“I love America,” Wright told reporters at the conference. “and likewise I love the FBI, particularly its purpose and mission. However, the mission has been seriously jeopardized to the point where American lives have been needlessly lost.”5
Wright also stated that the responsibility of handling terrorism should be moved from the hands of the FBI. “Knowing what I know,” he said. “I can confidently say that until the investigative responsibilities for terrorism are transferred from the FBI, I will not feel safe.”6
So, why exactly is the FBI incompetent with handling terrorism affairs? Is it a lack of efficiency? Is it a failure to learn from past mistakes? According to Reason Magazine, “It was bureaucratic hubris, not a lack of actionable intelligence, that allowed 9/11 to happen.”7 The FBI and other branches of government had all the evidence that an attack like 9/11 was coming, but they were too slow to respond, did not connect the dots, and in many cases, simply did not take the threats seriously.
You may ask, what should have been done to prevent 9/11? One thing is that the FBI should have assumed the worst, and paid more attention to evidence of potential attacks. They should have taken every threat seriously, and kept a close eye on details. Also, according to the FBI agent Robert Wright, there was – and still is – corruption and inefficiency in the bureau that needs to be cut out for it to work the way it should.
Am I blaming the FBI for 9/11? No, I am not; if 9/11 could possibly be blamed on any aspect of the U.S. government, it would not be exclusively on the FBI, but on many different government agencies and departments that all failed to detect the tremors signaling the coming attack. But the FBI should have learned from their mistakes; they messed up, and the right thing to do would be to recognize their wrongdoings and adjust their focus accordingly to prevent these mistakes from happening again. Unfortunately, they have not done this.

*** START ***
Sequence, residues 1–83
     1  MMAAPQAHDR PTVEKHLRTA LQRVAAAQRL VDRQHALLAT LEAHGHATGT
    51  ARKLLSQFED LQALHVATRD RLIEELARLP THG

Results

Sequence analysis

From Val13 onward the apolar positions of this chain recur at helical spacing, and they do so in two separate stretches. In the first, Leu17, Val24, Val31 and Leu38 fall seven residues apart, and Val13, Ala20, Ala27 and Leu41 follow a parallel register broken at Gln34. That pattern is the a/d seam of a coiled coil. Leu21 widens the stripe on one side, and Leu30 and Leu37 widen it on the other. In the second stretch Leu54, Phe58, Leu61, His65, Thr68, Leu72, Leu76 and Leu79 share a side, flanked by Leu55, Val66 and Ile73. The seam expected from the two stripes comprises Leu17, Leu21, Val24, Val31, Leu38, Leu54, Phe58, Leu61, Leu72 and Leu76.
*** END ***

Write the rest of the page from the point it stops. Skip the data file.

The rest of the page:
The recent Fort Hood shootings are a perfect example of how the FBI and other investigative groups still seem to be unable to prevent acts of terrorism in our country. There was evidence before the shootings that Nidal Hasan, the shooter, might carry out an act of violent terrorism, but people in authority who could have taken action against him were too afraid of being “politically incorrect.” A CBS poll in November 2009 showed that 51% of Americans believed that the Fort Hood shootings could have been prevented.
Nidal Hasan, the shooter at Fort Hood
Agent Robert Wright warned ninety-one days before 9/11 that American lives would be lost because of the FBI's failures to investigate terrorists in our country. I hope and pray that his next warning will not also ring true: “...more terrorist attacks against the American interests, coupled with the loss of American lives, will have to occur before those in power give this matter the urgent attention it deserves.”8
1"What We Investigate."
2 Vernon, Wes. "Agent: FBI Could Have Prevented 9-11." 31 May 2002.
7 Taylor, Jeff. "Rant: Unconnected Dots: Why the FBI Failed to Stop 9/11." 22 November 2007.
8 Vernon, Wes. "Agent: FBI Could Have Prevented 9-11." 31 May 2002.
“Inside 9/11.” National Geographic.
Montopoli, Brian. “Poll: 51% Say Fort Hood Could Have Been Prevented.” 17 November 2009.
Wong, Alex. 30 May 2002. “FBI Special Agent Disclosed Failures.”